If you were still under any illusion that NBC News Washington correspondent and PBS anchor Yamiche Alcindor was an objective journalist, the following segment will quickly disabuse you of that notion. During a discussion on MSNBC's The 11th Hour on Wednesday, anchor Stephanie Ruhle asked Alcindor a leading question about Alabama Governor Kay Ivey signing into law a ban on puberty blockers for minors, to which Alcindor accused the GOP of waging a culture war, while Democrats are focused on the economy.
“Is the state of Alabama in such great shape? They’ve got huge issues with poverty, water problems, voting rights” Ruhle snarked. “How is it that an anti-LGBTQ legislative agenda is more important than issues that are impacting the daily lives of thousands of people in that state?” She then asked “How does this become their number one priority?”
Alcindor responded by claiming “critics of what's happening in Alabama say this is all about politics. It’s all about an election year.” She then accused Republicans of playing politics by protecting children from abuse: “Republicans in some ways understand what really motivates their base.”
She then sought to contrast the differences in priorities between Republicans and Democrats:
They want to talk about crime, they want to talk about critical race theory. They want to get people feeling like America is slipping through their fingers. And Democrats, in some ways, are trying to focus on the nuts and bolts. They’re trying to focus on inflation, they’re trying to tell people that their student loans are deferred, they’re trying to say look we are doing something for you.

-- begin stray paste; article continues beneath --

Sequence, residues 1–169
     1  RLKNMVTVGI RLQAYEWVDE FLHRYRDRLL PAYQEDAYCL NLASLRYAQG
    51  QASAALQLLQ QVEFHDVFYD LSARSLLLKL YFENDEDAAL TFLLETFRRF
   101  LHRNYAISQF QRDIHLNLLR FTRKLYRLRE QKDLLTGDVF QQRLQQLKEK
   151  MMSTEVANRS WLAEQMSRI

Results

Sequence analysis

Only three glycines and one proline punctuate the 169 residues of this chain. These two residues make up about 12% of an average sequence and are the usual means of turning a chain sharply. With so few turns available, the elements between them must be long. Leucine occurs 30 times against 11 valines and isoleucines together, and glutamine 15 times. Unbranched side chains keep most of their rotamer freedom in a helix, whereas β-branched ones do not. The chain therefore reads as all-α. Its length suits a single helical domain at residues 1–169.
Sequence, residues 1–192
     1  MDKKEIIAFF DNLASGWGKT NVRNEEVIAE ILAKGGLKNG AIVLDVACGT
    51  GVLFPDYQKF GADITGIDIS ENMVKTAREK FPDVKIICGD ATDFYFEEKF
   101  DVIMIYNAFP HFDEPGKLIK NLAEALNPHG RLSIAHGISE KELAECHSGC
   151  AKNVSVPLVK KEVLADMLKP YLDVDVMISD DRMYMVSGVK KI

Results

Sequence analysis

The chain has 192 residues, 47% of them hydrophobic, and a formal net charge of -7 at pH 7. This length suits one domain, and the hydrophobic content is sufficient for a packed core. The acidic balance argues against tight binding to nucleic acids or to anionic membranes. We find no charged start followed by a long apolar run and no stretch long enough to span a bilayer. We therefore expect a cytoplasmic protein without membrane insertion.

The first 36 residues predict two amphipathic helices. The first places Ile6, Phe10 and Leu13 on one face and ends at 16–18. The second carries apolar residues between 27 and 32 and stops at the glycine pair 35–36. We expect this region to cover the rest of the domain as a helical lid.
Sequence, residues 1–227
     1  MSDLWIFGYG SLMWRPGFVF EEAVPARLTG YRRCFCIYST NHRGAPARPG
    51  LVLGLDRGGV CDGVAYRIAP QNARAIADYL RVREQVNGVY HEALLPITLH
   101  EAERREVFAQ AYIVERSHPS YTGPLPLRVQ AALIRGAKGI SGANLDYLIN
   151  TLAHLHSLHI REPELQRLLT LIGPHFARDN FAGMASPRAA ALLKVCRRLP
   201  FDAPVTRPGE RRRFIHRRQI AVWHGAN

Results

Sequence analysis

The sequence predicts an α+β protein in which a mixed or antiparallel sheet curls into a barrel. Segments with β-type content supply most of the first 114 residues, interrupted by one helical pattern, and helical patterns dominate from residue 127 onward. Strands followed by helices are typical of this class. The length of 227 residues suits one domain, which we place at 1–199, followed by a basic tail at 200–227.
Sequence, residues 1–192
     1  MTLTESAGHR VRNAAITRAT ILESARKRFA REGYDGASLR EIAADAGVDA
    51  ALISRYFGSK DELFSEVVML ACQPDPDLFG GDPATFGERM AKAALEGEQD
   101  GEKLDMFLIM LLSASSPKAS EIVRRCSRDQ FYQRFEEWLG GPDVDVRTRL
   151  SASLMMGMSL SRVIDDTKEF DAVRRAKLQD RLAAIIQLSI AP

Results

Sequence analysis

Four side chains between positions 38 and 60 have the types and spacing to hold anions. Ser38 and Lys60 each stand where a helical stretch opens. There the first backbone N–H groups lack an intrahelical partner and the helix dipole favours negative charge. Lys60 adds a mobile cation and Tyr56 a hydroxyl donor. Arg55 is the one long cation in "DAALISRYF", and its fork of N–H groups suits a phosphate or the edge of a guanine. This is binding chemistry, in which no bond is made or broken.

Alcindor chalked it up to “a messaging war” between the two parties heading into the midterms, and whichever party wins that war will win in November.
If that’s the case, and it’s a choice between Democrats who are “focused” on the economy that has led to 40-year high inflation, or Republicans who seek to protect children from sexual abuse and grooming, the contest won’t even be close.
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To read the relevant transcript of this segment, click “expand”:
MSNBC’s The 11th Hour
11:41:21 p.m. Eastern
STEPHANIE RUHLE: All right, Yamiche without getting into specifics of the law. Alabama's Governor signed an anti-LGBTQ law. Alabama, along with a bunch of other Republican states doing this, here's what I don't get. Is the state of Alabama in such great shape? They’ve got huge issues with poverty, water problems, voting rights. How is it that an anti-LGBTQ legislative agenda is more important than issues that are impacting the daily lives of thousands of people in that state? How does this become their number one priority?